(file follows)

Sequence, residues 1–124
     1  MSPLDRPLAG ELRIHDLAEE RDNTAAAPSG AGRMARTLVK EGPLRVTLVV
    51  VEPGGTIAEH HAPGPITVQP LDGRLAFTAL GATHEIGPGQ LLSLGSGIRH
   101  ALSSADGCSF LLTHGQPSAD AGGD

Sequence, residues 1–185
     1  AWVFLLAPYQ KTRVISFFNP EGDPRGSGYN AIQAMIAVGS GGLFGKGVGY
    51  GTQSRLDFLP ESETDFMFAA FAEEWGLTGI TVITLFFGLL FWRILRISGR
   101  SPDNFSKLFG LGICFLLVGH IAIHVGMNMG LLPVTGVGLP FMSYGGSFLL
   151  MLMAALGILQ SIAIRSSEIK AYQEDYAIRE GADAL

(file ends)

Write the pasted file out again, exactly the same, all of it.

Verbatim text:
Sequence, residues 1–124
     1  MSPLDRPLAG ELRIHDLAEE RDNTAAAPSG AGRMARTLVK EGPLRVTLVV
    51  VEPGGTIAEH HAPGPITVQP LDGRLAFTAL GATHEIGPGQ LLSLGSGIRH
   101  ALSSADGCSF LLTHGQPSAD AGGD

Sequence, residues 1–185
     1  AWVFLLAPYQ KTRVISFFNP EGDPRGSGYN AIQAMIAVGS GGLFGKGVGY
    51  GTQSRLDFLP ESETDFMFAA FAEEWGLTGI TVITLFFGLL FWRILRISGR
   101  SPDNFSKLFG LGICFLLVGH IAIHVGMNMG LLPVTGVGLP FMSYGGSFLL
   151  MLMAALGILQ SIAIRSSEIK AYQEDYAIRE GADAL